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Australian crypto laws are at risk of being overtaken by emerging markets: Think tank


The Australian government must accelerate its efforts to develop cryptocurrency regulations or risk falling behind other emerging markets, according to Loretta Joseph, chair of the Australian Digital Financial Standards Advisory Council (ADFSAC). The newly established policy institute under the ADC Forum has warned that the country’s slow pace of regulatory developments could hamper its progress within the crypto industry.

Earlier this year, the Australian Department of Finance conducted a consultancy for a “token mapping” exercise to classify different crypto assets. Papers proposing a licensing framework are expected in mid-2023, and roundtable discussions on crypto licensing are scheduled for the third quarter. In addition, there are private bills being processed to expedite crypto regulation.

However, Joseph cautioned that Australia’s pace of regulatory development needs to be more active. He expressed disappointment, citing the examples of countries like Bermuda, Mauritius, and Nigeria which have moved more quickly on crypto regulation. Joseph stressed the transformative impact of decentralized technology on global well-being and urged Australia to catch up.

According to Joseph, existing laws in Australia need to adequately cover more of the crypto ecosystem. He believes countries should consider updating or adopting new laws to encourage innovation. Joseph has been involved in writing crypto policies and laws since 2017 and was instrumental in helping Bermuda pass a law on digital currency business in 2018.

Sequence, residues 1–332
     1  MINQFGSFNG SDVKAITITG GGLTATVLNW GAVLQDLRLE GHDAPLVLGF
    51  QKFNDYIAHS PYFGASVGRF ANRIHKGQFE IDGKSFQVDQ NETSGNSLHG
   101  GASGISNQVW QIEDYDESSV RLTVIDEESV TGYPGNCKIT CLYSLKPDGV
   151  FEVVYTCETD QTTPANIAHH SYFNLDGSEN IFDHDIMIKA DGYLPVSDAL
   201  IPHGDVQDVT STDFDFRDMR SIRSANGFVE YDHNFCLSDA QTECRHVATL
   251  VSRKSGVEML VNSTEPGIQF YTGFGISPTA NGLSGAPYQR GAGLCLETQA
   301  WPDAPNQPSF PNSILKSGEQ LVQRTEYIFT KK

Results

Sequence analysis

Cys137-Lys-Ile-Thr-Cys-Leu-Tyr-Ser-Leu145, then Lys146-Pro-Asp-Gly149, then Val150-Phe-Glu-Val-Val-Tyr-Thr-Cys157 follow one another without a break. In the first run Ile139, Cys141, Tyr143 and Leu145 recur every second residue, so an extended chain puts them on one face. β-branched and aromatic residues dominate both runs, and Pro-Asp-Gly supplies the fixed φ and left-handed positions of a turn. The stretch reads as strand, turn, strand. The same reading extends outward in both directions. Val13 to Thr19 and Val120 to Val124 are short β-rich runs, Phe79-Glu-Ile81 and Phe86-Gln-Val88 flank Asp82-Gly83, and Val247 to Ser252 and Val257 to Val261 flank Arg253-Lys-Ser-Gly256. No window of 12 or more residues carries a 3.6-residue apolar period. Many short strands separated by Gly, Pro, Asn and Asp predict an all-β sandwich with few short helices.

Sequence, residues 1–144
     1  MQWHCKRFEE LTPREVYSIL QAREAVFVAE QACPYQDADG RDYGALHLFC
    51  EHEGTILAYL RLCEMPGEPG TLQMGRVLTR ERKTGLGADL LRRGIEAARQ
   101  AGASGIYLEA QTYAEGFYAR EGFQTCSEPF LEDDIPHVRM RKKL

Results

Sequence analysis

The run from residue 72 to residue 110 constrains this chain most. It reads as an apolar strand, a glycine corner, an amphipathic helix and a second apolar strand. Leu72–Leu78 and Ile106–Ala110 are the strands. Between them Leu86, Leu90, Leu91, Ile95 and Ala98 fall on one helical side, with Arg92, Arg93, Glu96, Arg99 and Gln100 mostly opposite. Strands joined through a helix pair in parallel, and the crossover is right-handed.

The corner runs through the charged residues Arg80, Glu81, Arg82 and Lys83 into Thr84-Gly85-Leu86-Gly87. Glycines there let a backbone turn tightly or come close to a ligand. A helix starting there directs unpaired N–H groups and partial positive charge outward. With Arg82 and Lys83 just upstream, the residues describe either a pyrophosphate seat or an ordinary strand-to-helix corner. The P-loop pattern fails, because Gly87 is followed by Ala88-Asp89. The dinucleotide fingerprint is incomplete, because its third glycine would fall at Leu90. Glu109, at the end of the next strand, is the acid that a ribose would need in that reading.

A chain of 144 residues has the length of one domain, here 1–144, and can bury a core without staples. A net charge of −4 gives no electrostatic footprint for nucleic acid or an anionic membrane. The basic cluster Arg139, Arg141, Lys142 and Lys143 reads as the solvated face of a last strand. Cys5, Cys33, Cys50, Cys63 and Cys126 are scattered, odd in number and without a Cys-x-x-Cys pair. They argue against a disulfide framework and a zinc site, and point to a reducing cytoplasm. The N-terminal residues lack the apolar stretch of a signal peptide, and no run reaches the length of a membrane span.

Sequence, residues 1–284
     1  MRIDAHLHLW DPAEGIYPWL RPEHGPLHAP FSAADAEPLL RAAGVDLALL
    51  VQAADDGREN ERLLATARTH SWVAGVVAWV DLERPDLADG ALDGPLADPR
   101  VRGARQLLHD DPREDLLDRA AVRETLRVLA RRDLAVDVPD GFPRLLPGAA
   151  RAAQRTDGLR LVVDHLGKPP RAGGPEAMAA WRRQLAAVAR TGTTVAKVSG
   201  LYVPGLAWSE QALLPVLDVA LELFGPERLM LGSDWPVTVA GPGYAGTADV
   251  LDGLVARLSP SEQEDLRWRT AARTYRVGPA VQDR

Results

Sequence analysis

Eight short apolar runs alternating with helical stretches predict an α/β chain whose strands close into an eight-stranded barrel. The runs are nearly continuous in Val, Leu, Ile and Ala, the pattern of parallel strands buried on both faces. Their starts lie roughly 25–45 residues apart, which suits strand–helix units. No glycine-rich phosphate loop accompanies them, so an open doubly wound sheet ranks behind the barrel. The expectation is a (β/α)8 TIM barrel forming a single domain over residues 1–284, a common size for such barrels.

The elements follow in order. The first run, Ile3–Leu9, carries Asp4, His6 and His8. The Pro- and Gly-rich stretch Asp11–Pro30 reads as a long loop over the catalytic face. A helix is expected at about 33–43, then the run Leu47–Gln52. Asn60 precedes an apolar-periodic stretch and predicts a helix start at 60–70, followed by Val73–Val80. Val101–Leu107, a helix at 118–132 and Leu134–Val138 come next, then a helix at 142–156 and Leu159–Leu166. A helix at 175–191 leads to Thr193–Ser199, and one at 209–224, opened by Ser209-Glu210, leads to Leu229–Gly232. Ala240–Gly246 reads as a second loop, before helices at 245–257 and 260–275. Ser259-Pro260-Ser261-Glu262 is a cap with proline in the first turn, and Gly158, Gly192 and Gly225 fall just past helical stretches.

To address these issues and facilitate meaningful dialogue, Joseph founded ADFSAC, bringing together industry stakeholders, academics, policy makers and government representatives. He stressed the importance of inclusive think tanks to ensure comprehensive discussion and enable effective legislation.

Education about cryptocurrencies will also be a focus of the new institute, which aims to provide hands-on experience with wallets and promote understanding of their ease of use. Joseph suggested aligning Australia’s policy direction with global standard setting bodies such as the International Securities Commission (IOSCO), the Financial Action Task Force (FATF), and the Financial Stability Council (FSB).

Joseph believes that G7 and G20 governments will soon be enforcing crypto rules, so it’s important for companies to seek jurisdictions with clear legal frameworks. Establishing operations in jurisdictions that offer regulatory clarity is critical to the company’s future survival.

As Australia seeks to keep pace with the evolving crypto landscape, accelerated regulation, comprehensive dialogue and international alignment will play a critical role in shaping the country’s crypto industry.


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